Saturday, October 28, 2006

I Have a Bad Feeling About This

I recently read Star Wars on Trial, a book of essays prosecuting and defending the Star Wars series against a variety of purported charges.

The book has a companion forum, so I made the mistake of posting a few things there.

I say mistake because, frankly, the reading of the book and my brief time on the forum have made me feel very bad about David Brin, and have done little more than rouse my anger at those who take a sadistic pride in hating something that others love.

Here's a sampling of some of the posting there, including another exchange between me and Brin:

Me: Here’s my take: The Prosecution in Star Wars on Trial is itself guilty of most of the charges it levels against George Lucas.

“The politics of Star Wars are anti-democratic and elitist.” This charge is quite rich, given the instant and reflexive response of the Prosecution every time the Defense raises the issue of the mind-boggling numbers of peole who love these movies. Without exception, the Prosecution heaps scorn and derision upon any suggestion that popularity could be used as a barometer of the films’ worthiness as art. Now, as it happens, I’m in full agreement with the Prosecution’s low opinion of the moviegoing public’s ability to judge quality filmmaking. But unlike the Prosecution, I acknowledge that such an opinion is at its very core an elitist viewpoint.

“Star Wars portrays no admirable religious or ethical beliefs.” While claiming to want fiction and art that make for a better world, the Prosecution elects to be a prosecution - to dwell in an antiquated adversarial system where it is acceptable to consider only one side of an issue. To resolve disputes through uncompromising conflict and not open-minded dialogue. The defining characteristic of the adversarial judicial system is that it frees the prosecutors and defense attorneys from having to worry about the morality or immorality of their respective positions. This is the model that the Prosecution chooses in order to lead us forward into a bold new future?

“Star Wars has dumbed down the perception of SF in the popular imagination.” Merely by including this charge and the “pretends to be SF” charge, the Prosecution “dumbs down” the science of critical analysis. When has SF ever been perceived well in the popular imagination? And in its own case, the Prosecution proves that Star Wars absolutely does not pretend to be SF, by way of numerous and explicit quotes from George Lucas himself. By presenting such utter hokum as high-level thinking, the Prosecution reinforces in readers the idea that hating something makes you smart.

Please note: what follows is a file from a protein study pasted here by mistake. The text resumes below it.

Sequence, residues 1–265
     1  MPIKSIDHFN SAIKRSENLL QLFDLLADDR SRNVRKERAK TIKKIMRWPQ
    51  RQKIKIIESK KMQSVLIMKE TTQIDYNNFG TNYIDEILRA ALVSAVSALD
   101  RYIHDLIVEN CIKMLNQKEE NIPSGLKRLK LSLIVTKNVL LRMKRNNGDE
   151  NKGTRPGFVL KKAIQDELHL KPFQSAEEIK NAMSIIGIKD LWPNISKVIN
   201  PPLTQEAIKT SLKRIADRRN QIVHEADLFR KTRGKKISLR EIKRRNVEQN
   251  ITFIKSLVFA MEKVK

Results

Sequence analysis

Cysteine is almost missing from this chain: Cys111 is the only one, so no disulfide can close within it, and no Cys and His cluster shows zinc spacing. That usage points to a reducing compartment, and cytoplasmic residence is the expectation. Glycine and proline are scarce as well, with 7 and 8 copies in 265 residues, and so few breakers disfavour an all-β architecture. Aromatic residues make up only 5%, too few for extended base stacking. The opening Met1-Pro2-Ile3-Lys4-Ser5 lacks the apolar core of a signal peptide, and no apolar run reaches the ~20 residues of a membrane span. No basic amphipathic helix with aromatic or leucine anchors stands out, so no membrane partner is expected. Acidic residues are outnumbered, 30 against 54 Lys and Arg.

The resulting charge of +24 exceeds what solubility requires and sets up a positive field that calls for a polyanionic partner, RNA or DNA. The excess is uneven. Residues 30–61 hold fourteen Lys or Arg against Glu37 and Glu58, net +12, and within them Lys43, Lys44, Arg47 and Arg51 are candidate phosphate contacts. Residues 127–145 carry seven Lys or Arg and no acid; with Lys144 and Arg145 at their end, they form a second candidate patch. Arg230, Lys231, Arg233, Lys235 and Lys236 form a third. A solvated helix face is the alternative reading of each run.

“Star Wars pretends to be SF, but is really fantasy.” The Prosecution, though, is fantasy masquerading as Reason. It engages in relentless cherrypicking of facts, and is willing to endlessly speculate beyond the facts when doing so appears to support its case - but never does it expend the energy to fire even a single neuron on speculation that explains or accounts for the perceived deficiencies of the films. As a case in point, the nearness of Bespin to Hoth is presented as evidence of Leia’s deficiencies in The Empire Strikes Back. A real leader, it is claimed, would be aware of all systems near the newly established base. But the assumption of “nearness” relies on a scientific interpretation of the size of the asteroid field and the maximum speed of the Millennium Falcon without hyperdrive. Only by assuming that TESB is science fiction, and not fantasy, can you claim that Bespin must be extremely close to Hoth. So by using this line of reasoning, the Prosecution is admitting that one or the other of these two charges is clearly false. Yet no such admission is overtly forthcoming, because central to the Prosecution’s case is the utter fantasy that one can make such contradictory claims in parallel without any need for reconciling them.

“Women in Star Wars are portrayed as fundamentally weak.” The Prosecution's attempts to prove this charge are based almost exclusively on stupid and weak actions by women in part 3 of each trilogy -- but since almost everyone in part 3 of each trilogy comes off weakly compared to parts 1 and 2, this amounts to asking for special treatment for the female characters. In the case of Leia, the accusation is particularly repellent. She is described as being politically marginalized, shown as less important to the rebellion than in the earlier films. But the person by whom she is “marginalized” is Mon Mothma - a woman! The prosecution so thoroughly devalues Mon Mothma’s role that it fails to even mention her.